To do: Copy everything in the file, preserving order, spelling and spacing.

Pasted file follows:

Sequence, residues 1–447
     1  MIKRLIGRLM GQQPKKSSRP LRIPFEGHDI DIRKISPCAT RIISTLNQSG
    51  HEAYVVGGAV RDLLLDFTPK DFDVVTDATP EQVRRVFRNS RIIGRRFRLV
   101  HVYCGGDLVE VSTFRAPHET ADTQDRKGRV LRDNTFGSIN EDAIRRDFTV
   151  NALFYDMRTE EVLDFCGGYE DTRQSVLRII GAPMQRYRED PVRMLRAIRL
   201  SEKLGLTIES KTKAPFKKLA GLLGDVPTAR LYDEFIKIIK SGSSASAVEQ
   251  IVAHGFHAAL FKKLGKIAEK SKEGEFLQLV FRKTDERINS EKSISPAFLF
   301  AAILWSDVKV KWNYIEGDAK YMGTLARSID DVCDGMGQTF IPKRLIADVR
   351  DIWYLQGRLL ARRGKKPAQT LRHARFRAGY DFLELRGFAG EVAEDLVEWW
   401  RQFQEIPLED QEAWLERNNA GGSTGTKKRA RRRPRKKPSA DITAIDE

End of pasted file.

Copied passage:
Sequence, residues 1–447
     1  MIKRLIGRLM GQQPKKSSRP LRIPFEGHDI DIRKISPCAT RIISTLNQSG
    51  HEAYVVGGAV RDLLLDFTPK DFDVVTDATP EQVRRVFRNS RIIGRRFRLV
   101  HVYCGGDLVE VSTFRAPHET ADTQDRKGRV LRDNTFGSIN EDAIRRDFTV
   151  NALFYDMRTE EVLDFCGGYE DTRQSVLRII GAPMQRYRED PVRMLRAIRL
   201  SEKLGLTIES KTKAPFKKLA GLLGDVPTAR LYDEFIKIIK SGSSASAVEQ
   251  IVAHGFHAAL FKKLGKIAEK SKEGEFLQLV FRKTDERINS EKSISPAFLF
   301  AAILWSDVKV KWNYIEGDAK YMGTLARSID DVCDGMGQTF IPKRLIADVR
   351  DIWYLQGRLL ARRGKKPAQT LRHARFRAGY DFLELRGFAG EVAEDLVEWW
   401  RQFQEIPLED QEAWLERNNA GGSTGTKKRA RRRPRKKPSA DITAIDE